Ortner also observes that the interest of anthropologists in colonialism and postcolonialism is connected to the growing influence of the category of neoliberalism. As a scholar who had the privilege of being trained by Bernard Cohn, an early figure in the cultural study of colonialism whom Ortner also mentions favorably, I did my doctoral dissertation on a South Indian temple, which I approached as an object of ethnographic and historical study. In those days, the early 1970s, the anthropology of colonialism was in its infancy, but it grew to prominence in the 1980s and early 1990s, in the work of many anthropologists whom Ortner discusses in her essay. Yet the study of colonialism by anthropologists was soon to be overshadowed by the study of the postcolonial condition, an interest that owed much to literary and cultural studies coming from the critical humanities in the United Kingdom and the United States. There is something of a chasm between the anthropology of colonialism and the anthropology of the postcolonial world. This chasm also reflects the swing from approaches in anthropology that were primarily concerned with power, domination, and empire to those in which texts, meanings, and interpretation were more valued. Ortner has much to say on the tension between the political economy and the culturalist approach, one of her long-term preoccupations. The generalized victory of the culturalist approach within anthropology, exemplified by the prestige of Clifford Geertz and Marshall Sahlins in the 1970s and 1980s among anthropologists working in the United States, also explains the general decline in interest in colonialism and imperialism, and a growing interest in what Achille Mbembe called the “postcolony.” One might even wonder if one of the pernicious ideological effects of the category of neoliberalism is to erase the memory of colonialism and empire in favor of more contemporary modes of governmentality.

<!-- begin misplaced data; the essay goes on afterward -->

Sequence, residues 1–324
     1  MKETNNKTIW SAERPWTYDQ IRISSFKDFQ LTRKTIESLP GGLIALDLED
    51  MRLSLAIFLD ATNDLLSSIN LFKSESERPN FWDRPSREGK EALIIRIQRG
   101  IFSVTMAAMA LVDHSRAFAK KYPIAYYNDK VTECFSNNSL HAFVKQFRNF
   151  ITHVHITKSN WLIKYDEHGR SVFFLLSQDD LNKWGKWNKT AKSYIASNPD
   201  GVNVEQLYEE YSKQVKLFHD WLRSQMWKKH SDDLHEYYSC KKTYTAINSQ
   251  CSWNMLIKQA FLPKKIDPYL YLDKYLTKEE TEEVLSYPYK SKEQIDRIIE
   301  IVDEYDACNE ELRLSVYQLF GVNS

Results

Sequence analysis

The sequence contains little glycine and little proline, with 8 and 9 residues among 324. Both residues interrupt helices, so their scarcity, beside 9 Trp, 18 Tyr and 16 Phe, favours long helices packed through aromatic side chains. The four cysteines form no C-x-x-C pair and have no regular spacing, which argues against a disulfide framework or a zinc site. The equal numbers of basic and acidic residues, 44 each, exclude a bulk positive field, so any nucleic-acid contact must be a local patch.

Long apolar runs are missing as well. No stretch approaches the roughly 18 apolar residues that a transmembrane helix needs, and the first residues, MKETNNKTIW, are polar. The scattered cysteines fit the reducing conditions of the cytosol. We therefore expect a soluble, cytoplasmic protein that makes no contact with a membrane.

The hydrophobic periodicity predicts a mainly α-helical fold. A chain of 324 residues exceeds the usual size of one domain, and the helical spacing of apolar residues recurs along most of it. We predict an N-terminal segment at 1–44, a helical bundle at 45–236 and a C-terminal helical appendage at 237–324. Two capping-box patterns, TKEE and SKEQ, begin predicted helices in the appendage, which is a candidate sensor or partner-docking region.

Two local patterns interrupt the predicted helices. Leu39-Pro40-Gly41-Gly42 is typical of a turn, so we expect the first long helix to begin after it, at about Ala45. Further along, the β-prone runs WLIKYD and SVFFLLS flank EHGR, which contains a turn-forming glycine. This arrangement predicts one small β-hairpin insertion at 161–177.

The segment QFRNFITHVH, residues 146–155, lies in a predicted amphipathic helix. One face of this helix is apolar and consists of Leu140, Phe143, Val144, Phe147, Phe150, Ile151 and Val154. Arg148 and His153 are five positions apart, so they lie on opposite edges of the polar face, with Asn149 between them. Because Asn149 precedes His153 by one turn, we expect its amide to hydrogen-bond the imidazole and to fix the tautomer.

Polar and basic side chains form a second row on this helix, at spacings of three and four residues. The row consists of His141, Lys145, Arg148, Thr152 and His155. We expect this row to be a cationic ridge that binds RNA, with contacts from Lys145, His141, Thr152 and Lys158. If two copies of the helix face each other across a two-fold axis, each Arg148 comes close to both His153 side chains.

Ortner concludes her essay with a rich discussion of recent anthropological work on resistance, activism, and social movements, including my own, which she sees as incorporating and mediating the struggle between dark anthropologies and anthropologies of the good, of ethics and of happiness. I applaud her interest in these anthropologies of aspiration and possibility. These studies recognize that aspiration and hope, like despair and suffering, also have a cultural logic and [3]are shaped by language, history, and context. They contest the dominant developmentalist belief in the universality of ideas of the good life and of justice, freedom, and equity. They also undermine the older modernization theory bias, which saw all human societies as heading toward a Euro-American moral consensus around ideas of equality, liberty, and reason. These recent studies of the good life and its varieties thus also incorporate the Foucauldian fear of capillary governmentality, but they avoid the Foucauldian tendency to batten down the hatches and close the doors to resistance and change.